(Photo contributor: TK Susheel Kumar, MD)
*The authors acknowledge the special contributions of Binita R. Shah, MD, to prior edition.
Bradycardia is defined as a heart rate below the normal range for age, and its various etiologies are mentioned in Table 5.1. Clinically significant bradycardia is defined as a heart rate <60 beats per minute (bpm) associated with poor systemic perfusion. Signs of circulatory impairment include poor skin perfusion with pallor; cyanosis; cool mottled extremities; prolonged capillary refill; thready, weak, or absent peripheral pulses; and discrepancy in volume between peripheral and central pulses. Patient is irritable, lethargic, and confused, or has decreased level of consciousness. Respiratory difficulty, decreased pulse pressure of >20 mm Hg, hypotension (decompensated shock), and decreased or no urine output can also be found when severe. The spectrum of bradyarrhythmias includes sinus bradycardia, sinus node dysfunction, sinus node arrest with a slow junctional or ventricular escape rhythm, and atrioventricular (AV) block.
An ECG is necessary to exclude second-degree or complete heart block (CHB). Findings on ECG include a slow heart rate with P waves that may or may not be visible. QRS duration may be normal or prolonged (depending on the location of the intrinsic cardiac pacemaker). Dissociation of P waves and QRS is seen in CHB. P wave with a normal PR interval preceding each QRS complex is seen in sinus bradycardia.
Emergency Department Treatment and Disposition
Patients with bradycardia not associated with evidence of poor systemic perfusion need support of ABCs (airway, breathing, and circulation), observation, and reassessment. Hospitalize patient for continued observation, and consult cardiology for asymptomatic bradycardia from drug ingestion, bradycardia resulting from complete AV block or acquired or congenital heart disease (CHD), or patients with refractory bradycardia requiring pacing.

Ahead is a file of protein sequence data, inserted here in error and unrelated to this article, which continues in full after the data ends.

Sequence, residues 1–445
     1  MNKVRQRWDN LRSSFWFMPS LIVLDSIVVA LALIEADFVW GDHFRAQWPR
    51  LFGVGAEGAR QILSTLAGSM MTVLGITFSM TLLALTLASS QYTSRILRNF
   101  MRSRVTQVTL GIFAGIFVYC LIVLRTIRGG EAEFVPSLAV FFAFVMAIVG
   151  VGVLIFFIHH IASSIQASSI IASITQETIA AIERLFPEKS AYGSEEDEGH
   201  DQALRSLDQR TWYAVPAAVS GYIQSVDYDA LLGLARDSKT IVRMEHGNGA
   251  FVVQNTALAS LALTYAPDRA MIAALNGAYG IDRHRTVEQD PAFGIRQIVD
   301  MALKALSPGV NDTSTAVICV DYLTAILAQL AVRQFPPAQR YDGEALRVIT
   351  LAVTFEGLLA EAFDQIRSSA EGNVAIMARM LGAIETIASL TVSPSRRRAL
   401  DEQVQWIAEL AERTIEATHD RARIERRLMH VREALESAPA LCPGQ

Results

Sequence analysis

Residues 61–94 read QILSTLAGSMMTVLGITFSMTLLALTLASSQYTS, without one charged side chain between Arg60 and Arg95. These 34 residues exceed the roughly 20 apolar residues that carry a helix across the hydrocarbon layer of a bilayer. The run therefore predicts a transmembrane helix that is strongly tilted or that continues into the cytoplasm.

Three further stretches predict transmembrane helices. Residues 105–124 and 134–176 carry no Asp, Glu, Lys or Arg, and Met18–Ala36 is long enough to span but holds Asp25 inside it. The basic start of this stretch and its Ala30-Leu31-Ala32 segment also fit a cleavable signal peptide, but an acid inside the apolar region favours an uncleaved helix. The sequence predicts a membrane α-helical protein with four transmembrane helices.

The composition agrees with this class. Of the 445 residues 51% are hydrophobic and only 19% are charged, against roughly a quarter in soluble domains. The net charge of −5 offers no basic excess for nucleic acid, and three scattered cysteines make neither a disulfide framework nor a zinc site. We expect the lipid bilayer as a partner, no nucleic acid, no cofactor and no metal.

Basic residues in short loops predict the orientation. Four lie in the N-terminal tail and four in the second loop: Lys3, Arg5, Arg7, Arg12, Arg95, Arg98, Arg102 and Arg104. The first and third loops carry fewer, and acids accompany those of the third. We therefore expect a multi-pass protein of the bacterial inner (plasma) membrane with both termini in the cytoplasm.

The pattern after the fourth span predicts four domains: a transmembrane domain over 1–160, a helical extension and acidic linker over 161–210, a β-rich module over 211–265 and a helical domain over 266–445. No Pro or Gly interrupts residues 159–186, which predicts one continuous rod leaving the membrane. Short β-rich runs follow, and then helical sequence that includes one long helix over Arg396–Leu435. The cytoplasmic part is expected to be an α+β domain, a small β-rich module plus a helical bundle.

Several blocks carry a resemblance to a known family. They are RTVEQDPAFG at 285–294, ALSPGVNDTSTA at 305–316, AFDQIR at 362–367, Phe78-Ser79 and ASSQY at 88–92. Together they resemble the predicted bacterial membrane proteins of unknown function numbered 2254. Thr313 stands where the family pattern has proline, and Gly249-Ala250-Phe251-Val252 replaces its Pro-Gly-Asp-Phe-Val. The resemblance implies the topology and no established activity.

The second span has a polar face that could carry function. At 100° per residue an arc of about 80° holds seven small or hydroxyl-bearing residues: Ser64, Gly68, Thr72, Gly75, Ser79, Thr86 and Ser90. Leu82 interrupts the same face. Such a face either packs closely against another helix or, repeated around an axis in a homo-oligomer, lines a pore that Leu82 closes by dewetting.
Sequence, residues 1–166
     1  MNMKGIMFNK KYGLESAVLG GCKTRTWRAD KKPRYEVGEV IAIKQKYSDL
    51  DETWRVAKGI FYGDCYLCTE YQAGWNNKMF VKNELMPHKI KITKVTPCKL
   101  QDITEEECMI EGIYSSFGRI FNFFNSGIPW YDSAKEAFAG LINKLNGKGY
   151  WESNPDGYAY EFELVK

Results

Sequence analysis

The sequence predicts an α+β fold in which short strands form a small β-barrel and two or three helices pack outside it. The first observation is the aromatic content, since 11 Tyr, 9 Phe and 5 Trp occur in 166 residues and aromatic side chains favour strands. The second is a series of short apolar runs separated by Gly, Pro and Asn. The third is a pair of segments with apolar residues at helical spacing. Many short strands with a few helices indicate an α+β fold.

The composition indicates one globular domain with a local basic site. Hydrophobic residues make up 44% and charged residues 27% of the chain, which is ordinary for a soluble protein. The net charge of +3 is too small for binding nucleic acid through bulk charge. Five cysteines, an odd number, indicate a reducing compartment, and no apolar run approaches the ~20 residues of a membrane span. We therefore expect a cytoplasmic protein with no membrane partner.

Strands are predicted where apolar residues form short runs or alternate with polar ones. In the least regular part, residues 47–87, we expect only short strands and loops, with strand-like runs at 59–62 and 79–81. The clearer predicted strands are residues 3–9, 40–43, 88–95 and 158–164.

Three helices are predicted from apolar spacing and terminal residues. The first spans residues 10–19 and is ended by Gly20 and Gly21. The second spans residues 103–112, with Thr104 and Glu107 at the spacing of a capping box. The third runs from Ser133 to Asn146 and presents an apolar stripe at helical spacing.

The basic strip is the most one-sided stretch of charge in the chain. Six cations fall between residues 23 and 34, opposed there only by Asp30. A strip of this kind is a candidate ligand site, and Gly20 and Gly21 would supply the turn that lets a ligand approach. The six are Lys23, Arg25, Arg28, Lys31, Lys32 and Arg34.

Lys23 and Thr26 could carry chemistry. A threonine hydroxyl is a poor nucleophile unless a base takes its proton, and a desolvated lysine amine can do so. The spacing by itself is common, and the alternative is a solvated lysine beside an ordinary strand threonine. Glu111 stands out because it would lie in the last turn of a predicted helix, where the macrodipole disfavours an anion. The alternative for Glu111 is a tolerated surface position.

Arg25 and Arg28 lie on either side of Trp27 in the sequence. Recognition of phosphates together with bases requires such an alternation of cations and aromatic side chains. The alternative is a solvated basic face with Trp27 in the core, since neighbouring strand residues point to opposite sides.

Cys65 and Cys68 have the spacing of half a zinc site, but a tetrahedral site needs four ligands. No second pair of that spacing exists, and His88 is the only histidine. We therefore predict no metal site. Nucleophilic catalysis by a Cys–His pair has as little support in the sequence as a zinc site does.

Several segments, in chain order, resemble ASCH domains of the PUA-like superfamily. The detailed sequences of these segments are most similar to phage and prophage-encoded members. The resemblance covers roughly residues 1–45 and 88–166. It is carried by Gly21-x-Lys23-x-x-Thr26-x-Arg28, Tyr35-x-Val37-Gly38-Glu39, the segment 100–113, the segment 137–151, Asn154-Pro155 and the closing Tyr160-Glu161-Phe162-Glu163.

Sinus Bradycardia. A 12-lead ECG showing a heart rate of 58 bpm. The patient is in sinus rhythm as every QRS complex is preceded by a P wave, a QRS complex follows every P wave, and the P-wave axis is normal. This could be a normal phenomenon in well-trained athletes. (Photo contributor: Shyam K. Sathanandam, MD.)
Sinus Bradycardia with Junctional Escape Rhythm. A 12-lead ECG showing a heart rate of 53 bpm with junctional escape rhythm (arrows) indicated by narrow QRS complex and no relationship between QRS complex and preceding P waves. The P waves and QRS complex are very close to each other, with occasional P waves embedded within the QRS complex. (Photo contributor: Sushitha Surendran, MD.)
Differential Diagnosis of Bradycardia. Subarachnoid hemorrhage (SAH) presenting with Cushing triad. A noncontrast head CT scan shows hyperdensity in the basal cisterns in the area of the circle of Willis, with blood in the fourth ventricle (findings typical of SAH) in an adolescent boy presenting to the ED with sudden onset of severe headache, increasing lethargy, and obtundation. Patient had bradycardia, irregular respirations, and hypertension (Cushing triad secondary to ...